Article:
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When Genius Failed, by Roger Lowenstein.    Meet the Tom Clancy of financial journalists.  This 2000 book mixes one part modern high finance with one part hard-to-put-down thriller and comes up with a fascinating description and analysis of the rise and fall of the ballyhooed Long Term Capital Management hedge fund.  With two high-powered economics professors on board, this fund's managers seemed to feel that higher math represented the solution to the eternal quest for easy wealth.  However, as the reader will discover, mathematics is no more powerful than the assumptions that underlie its usage.  (Garbage in, garbage out.)  In the classroom, economists make convenient assumptions not because they are always valid, but because they help illustrate important points.  However, in the competitive world of money management, assumptions that aren't valid in certain instances can lead to dramatic failures.  Indeed, this fund's spectacular 1998 demise came perilously close to upsetting the world's financial system.  The reader of this book will see that there's much more to "risk arbitrage" than effortlessly vacuuming up billions of nickels and dimes.  If you think economics and finance are boring, this book will quickly convince you otherwise.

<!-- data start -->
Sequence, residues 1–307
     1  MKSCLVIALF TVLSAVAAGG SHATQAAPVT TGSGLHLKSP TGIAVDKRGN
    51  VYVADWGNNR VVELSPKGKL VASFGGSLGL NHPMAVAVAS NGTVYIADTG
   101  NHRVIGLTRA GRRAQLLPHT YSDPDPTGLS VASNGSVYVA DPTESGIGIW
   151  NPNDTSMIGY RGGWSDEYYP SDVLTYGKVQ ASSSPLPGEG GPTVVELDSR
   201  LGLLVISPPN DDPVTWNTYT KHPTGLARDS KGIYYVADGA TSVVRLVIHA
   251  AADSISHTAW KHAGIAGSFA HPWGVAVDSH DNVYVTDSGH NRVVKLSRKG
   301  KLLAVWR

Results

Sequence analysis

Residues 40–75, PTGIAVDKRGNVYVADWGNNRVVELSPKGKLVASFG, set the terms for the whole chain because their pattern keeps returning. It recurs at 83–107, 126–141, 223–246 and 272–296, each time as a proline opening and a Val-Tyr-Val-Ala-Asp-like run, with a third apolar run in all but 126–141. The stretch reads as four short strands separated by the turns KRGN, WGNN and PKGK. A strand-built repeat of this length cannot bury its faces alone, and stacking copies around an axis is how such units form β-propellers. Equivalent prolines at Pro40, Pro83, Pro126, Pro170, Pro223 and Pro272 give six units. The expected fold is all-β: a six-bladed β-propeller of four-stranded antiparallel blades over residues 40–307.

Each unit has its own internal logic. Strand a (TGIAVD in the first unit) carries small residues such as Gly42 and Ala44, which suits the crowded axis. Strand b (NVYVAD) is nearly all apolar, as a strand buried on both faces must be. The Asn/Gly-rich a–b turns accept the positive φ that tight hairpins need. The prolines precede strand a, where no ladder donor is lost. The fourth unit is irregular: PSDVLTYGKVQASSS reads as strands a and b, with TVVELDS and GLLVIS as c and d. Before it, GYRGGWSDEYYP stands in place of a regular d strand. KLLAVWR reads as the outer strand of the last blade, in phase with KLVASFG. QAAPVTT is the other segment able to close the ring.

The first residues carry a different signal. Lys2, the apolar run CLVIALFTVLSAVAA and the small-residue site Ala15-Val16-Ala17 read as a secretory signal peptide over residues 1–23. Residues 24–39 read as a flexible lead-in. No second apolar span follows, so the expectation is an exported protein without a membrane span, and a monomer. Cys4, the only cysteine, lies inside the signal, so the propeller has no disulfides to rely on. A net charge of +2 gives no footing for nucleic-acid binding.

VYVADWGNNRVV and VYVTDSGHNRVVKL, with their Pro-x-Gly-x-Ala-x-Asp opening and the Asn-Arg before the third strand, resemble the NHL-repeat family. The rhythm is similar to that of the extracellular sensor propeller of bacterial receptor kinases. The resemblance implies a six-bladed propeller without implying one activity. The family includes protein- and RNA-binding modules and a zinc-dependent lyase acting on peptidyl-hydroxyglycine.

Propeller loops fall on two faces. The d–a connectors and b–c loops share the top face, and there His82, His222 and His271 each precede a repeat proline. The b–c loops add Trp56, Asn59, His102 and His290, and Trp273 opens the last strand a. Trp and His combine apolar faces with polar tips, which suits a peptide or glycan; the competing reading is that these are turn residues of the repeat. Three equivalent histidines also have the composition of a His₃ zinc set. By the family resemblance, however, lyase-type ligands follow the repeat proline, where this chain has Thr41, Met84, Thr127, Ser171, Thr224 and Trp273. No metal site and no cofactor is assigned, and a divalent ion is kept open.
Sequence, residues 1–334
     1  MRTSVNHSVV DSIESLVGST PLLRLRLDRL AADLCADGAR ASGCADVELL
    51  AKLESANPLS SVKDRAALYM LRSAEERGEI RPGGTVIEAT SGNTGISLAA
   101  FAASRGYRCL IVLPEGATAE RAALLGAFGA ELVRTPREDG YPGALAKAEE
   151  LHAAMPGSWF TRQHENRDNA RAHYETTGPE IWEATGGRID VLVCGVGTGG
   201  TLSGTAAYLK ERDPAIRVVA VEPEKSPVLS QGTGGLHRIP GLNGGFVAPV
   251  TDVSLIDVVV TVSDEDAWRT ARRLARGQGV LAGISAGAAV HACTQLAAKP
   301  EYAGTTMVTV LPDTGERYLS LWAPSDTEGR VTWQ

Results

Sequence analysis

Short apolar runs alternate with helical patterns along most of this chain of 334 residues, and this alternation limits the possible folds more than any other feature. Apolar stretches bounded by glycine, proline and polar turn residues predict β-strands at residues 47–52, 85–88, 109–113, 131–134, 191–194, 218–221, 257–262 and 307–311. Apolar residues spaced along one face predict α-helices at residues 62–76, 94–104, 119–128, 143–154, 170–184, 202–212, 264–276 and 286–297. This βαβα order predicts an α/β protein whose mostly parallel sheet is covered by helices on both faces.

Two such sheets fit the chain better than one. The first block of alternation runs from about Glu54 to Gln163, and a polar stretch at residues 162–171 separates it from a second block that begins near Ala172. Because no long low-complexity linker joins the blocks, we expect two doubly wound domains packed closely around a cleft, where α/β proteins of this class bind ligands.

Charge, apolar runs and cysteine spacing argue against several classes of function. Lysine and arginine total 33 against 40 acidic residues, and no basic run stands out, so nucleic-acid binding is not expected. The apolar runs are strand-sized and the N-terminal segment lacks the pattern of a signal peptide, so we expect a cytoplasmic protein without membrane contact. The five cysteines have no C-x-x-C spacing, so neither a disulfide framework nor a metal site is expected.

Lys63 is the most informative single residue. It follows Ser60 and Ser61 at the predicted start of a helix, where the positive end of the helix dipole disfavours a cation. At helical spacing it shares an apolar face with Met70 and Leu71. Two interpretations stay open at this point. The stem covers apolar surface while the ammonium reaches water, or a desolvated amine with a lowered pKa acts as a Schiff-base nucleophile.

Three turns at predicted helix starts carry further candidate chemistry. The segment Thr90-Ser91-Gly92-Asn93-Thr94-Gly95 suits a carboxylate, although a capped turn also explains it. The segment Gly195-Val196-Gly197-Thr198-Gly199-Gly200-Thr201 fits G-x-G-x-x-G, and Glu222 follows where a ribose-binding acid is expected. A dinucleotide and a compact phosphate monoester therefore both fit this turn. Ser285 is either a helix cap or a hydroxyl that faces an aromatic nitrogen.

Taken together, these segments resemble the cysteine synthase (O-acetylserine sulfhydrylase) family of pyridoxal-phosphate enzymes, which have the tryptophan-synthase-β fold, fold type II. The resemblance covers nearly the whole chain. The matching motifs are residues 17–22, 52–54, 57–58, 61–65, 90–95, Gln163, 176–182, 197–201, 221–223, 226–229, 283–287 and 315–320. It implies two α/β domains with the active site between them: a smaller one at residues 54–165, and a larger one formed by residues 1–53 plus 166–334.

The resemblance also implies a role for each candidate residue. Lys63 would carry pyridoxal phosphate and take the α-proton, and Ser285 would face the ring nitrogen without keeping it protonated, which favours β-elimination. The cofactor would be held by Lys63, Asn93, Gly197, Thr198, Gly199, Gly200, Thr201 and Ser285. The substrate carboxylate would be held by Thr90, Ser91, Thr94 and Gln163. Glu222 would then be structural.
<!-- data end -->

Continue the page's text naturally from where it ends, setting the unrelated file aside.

ISBN: 0375758259
Format: Paperback, 288pp
Pub. Date: October 2001
Publisher: Random House Publishing

 

 

 

 

 

 

"This book is story-telling journalism at its best."

The Economist